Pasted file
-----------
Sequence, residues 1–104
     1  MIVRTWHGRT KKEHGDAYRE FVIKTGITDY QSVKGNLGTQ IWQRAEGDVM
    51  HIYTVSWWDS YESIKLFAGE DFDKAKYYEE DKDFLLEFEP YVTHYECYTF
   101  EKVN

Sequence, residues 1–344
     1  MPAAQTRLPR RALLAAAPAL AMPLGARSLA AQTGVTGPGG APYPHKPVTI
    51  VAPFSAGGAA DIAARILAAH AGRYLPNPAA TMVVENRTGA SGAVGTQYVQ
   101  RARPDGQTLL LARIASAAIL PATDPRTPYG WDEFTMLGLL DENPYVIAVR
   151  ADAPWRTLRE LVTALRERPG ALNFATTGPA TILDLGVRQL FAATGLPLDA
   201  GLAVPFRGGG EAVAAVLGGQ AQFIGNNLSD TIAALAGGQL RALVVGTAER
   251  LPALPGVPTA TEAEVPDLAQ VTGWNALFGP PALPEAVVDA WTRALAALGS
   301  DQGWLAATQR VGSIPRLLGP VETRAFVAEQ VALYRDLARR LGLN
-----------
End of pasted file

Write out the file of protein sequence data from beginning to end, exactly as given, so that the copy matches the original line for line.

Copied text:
Sequence, residues 1–104
     1  MIVRTWHGRT KKEHGDAYRE FVIKTGITDY QSVKGNLGTQ IWQRAEGDVM
    51  HIYTVSWWDS YESIKLFAGE DFDKAKYYEE DKDFLLEFEP YVTHYECYTF
   101  EKVN

Sequence, residues 1–344
     1  MPAAQTRLPR RALLAAAPAL AMPLGARSLA AQTGVTGPGG APYPHKPVTI
    51  VAPFSAGGAA DIAARILAAH AGRYLPNPAA TMVVENRTGA SGAVGTQYVQ
   101  RARPDGQTLL LARIASAAIL PATDPRTPYG WDEFTMLGLL DENPYVIAVR
   151  ADAPWRTLRE LVTALRERPG ALNFATTGPA TILDLGVRQL FAATGLPLDA
   201  GLAVPFRGGG EAVAAVLGGQ AQFIGNNLSD TIAALAGGQL RALVVGTAER
   251  LPALPGVPTA TEAEVPDLAQ VTGWNALFGP PALPEAVVDA WTRALAALGS
   301  DQGWLAATQR VGSIPRLLGP VETRAFVAEQ VALYRDLARR LGLN